Kirk Gibson’s Diamondbacks lost to the Brewers in the 2011 NLDS, with Ryan Braun going 9-for-18.
It was later revealed that Braun failed a drug test for synthetic testosterone before the start of that series. He initially got out of it with good lawyering but has since been suspended for purchasing performance-enhancers from the Miami-based Biogenesis clinic.
Gibson, understandably, is pretty pissed off about the situation. Here’s what he told reporters, including beat writer Nick Piecoro of the Arizona Republic, before Sunday’s series finale against the Pirates:
“If I get a chance to see Braun, I got a question for him, right to his face,” said the Arizona skipper. “Is he about rehearsed by now? About ready to come out? He’s probably been practicing at theater school somewhere. … I’m not surprised he hasn’t addressed people. He probably doesn’t give a (expletive) about me. He’s got it really good. I was one of the guys who went through many things – work stoppages, etc. – so that he could do that. I would hope that he respects me and everybody who stood up for him before he played the game. Everybody looks at it differently, but if he thinks he’s giving back to the game, he has a different idea of how to give back than I do. … There were other times in my career when I did overcome cheaters. We had our chance.”
Braun has been suspended for the rest of the season and is likely to remain hidden from the media spotlight as the final two months play out. Gibson’s Diamondbacks and Braun’s Brewers will meet again in 2014.
With the Braves on the cusp of formalizing their one-year deal with Kurt Suzuki, the market for free agent catcher Matt Wieters is dwindling. ESPN’s Jerry Crasnick references an inside source that lists the Angels, Rockies and Reds as potential suitors for the 30-year-old’s services.
Wieters is coming off of an eight-year career with the Orioles. In 2016, he played through his first full year after undergoing Tommy John surgery in 2014 and batted .243/.302/.409 with 17 home runs and a .711 OPS in 464 PA. A return to Baltimore in 2017 isn’t out of the question, Crasnick writes, citing some within the team that would be open to Wieters stepping into a DH role and catching platoon with Wellington Castillo. However, he also points out that the front office appears divided on the veteran catcher, and sees the Orioles as a long shot for the foreseeable future.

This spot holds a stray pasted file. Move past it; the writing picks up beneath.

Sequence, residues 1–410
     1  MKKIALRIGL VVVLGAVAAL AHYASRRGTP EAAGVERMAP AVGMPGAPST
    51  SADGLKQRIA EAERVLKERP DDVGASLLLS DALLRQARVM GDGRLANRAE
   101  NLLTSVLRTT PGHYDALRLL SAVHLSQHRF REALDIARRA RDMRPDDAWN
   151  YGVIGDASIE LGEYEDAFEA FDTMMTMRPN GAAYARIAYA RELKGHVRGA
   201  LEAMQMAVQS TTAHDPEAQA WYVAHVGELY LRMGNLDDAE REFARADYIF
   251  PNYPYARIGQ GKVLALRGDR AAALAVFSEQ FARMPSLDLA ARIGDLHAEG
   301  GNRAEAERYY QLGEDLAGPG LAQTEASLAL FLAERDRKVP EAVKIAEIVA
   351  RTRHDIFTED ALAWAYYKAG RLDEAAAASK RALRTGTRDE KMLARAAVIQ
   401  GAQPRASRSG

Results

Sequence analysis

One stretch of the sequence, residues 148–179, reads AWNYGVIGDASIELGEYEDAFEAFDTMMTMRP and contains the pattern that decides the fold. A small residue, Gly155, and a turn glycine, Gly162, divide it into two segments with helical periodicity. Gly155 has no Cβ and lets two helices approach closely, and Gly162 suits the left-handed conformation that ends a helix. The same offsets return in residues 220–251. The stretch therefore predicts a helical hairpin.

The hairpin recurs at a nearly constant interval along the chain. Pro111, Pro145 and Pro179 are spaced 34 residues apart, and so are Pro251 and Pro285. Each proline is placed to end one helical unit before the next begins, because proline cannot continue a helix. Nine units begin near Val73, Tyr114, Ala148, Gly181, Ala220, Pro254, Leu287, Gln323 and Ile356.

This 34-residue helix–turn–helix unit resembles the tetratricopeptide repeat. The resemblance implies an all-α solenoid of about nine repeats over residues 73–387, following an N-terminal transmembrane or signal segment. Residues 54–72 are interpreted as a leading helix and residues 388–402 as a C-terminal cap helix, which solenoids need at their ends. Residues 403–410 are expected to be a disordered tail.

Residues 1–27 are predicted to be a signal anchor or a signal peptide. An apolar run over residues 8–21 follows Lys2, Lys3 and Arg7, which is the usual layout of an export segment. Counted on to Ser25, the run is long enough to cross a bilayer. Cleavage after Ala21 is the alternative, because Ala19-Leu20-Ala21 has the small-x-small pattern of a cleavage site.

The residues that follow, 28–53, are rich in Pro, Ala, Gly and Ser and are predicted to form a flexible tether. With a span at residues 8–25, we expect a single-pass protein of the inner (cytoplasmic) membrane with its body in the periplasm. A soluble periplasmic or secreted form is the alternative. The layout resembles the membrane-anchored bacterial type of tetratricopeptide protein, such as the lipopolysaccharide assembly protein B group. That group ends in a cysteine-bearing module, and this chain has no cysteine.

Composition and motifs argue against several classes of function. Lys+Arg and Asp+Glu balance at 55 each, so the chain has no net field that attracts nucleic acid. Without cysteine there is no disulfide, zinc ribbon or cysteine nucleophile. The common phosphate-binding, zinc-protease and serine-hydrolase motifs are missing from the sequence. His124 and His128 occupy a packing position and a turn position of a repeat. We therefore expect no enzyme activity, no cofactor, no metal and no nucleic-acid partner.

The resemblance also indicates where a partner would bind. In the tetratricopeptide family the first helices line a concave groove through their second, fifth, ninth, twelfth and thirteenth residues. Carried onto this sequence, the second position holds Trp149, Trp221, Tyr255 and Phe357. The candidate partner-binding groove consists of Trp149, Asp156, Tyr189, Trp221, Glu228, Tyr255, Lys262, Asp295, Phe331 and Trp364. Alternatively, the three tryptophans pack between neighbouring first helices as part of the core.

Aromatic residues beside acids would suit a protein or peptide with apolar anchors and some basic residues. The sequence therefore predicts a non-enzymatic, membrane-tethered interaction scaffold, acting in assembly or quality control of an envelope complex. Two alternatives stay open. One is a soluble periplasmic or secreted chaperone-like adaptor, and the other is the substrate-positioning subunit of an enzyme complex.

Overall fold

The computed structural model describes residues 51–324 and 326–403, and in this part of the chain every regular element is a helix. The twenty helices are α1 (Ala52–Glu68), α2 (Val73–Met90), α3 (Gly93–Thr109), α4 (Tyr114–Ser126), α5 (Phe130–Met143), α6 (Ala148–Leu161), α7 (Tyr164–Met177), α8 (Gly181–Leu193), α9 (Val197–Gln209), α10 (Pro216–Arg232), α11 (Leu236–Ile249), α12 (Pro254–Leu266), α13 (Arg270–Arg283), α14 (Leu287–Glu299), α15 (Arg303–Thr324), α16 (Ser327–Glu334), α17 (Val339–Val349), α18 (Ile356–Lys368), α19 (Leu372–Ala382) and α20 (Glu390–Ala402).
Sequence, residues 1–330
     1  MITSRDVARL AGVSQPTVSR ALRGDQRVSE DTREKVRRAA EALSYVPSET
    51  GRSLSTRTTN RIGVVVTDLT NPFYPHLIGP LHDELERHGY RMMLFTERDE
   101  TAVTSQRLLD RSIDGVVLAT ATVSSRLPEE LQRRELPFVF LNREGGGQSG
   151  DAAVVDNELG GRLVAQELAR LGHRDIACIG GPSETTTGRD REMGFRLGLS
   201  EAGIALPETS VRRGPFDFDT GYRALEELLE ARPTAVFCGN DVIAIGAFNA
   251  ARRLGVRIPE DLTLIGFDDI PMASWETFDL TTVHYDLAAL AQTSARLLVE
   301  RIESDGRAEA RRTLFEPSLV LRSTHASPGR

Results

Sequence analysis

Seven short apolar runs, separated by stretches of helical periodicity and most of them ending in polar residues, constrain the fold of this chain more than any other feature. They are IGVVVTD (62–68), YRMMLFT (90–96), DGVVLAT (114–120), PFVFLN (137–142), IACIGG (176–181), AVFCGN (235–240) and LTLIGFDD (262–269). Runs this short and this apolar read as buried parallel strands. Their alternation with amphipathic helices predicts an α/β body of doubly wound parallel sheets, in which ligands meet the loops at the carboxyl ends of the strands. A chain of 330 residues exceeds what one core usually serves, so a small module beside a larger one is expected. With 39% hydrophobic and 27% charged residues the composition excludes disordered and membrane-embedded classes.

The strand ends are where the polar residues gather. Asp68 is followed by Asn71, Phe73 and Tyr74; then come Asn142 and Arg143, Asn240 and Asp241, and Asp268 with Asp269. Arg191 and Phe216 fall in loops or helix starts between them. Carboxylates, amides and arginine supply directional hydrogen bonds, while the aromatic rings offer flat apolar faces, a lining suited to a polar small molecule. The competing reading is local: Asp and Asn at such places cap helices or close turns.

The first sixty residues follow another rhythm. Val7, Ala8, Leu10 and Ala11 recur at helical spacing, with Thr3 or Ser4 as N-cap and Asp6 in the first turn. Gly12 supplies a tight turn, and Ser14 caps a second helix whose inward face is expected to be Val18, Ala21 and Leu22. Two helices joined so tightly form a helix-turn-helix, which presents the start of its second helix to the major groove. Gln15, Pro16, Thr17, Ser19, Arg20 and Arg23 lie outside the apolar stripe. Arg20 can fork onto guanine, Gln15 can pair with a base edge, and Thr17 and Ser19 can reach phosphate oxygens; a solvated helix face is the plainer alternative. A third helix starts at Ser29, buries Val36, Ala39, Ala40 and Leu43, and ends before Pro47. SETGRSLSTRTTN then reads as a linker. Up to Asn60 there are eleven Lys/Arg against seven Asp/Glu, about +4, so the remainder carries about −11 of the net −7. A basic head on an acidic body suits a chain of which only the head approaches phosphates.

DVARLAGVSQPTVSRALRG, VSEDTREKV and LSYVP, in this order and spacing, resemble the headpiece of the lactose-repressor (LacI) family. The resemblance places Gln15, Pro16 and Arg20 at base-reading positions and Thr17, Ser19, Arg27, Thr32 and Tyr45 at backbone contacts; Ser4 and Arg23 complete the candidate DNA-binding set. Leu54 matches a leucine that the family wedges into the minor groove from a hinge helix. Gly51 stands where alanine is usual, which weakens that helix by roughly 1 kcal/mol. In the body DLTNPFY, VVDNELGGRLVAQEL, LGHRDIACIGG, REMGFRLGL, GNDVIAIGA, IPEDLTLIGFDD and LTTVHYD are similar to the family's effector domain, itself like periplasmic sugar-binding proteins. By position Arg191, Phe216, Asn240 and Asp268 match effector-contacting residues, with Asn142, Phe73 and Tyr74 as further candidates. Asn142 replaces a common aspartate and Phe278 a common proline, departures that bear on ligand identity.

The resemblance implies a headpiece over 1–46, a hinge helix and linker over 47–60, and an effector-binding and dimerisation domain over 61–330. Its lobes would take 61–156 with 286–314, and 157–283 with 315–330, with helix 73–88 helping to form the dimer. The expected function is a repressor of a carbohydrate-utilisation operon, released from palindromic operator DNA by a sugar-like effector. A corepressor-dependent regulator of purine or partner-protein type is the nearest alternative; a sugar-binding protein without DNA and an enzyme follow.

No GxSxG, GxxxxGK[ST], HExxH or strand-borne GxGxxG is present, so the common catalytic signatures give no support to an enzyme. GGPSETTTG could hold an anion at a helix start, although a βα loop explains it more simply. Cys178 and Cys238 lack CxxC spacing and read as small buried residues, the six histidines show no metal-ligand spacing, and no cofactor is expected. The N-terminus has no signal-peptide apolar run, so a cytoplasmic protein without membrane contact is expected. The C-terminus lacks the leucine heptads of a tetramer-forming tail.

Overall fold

The Angels have already been tied to Wieters this offseason, while the Rockies and Reds don’t appear to have made any formal inquiries so far. Both could use a veteran presence behind the dish, as the Rockies are planning to platoon rookie catcher Tom Murphy with 24-year-old Tony Wolters in the spring. The Reds, meanwhile, are banking on a quick recovery for 28-year-old Devin Mesoraco, who missed most of the 2016 season after undergoing shoulder and hip surgery and forced the club to rely almost exclusively on back-up backstop Tucker Barnhart.
The Red Sox are expecting to go to an arbitration hearing with left-handed reliever Fernando Abad, per Pete Abraham of the Boston Globe. Red Sox president Dave Dombrowski said there was a “decent chance” a hearing would be necessary after countering Abad’s $2.7 million request with $2 million.
Abad, 31, pitched just 12 2/3 innings for Boston after the club acquired him from Minnesota at the trade deadline last season. The lefty earned a cumulative 3.66 ERA, 4.2 BB/9 and 7.9 SO/9 for the two teams in 2016. He received $1.25 million in 2016 and will remain under club control (through arbitration) in 2017. A $2.7 million salary would be a hefty increase for the veteran reliever, who has seen a significant decline since he put up a 1.57 ERA for the Athletics in 2014 and who has not amassed more than 0.6 fWAR in any single season to date.
While the Red Sox aren’t close to settling with Abad, Evan Drellich of the Boston Herald reports that they may be closing in on a settlement with left-handed starter Drew Pomeranz. Pomeranz filed at $5.7 million, while the Sox felt more comfortable at $3.6 million. The two are expected to meet somewhere in the middle to avoid an arbitration hearing later this winter.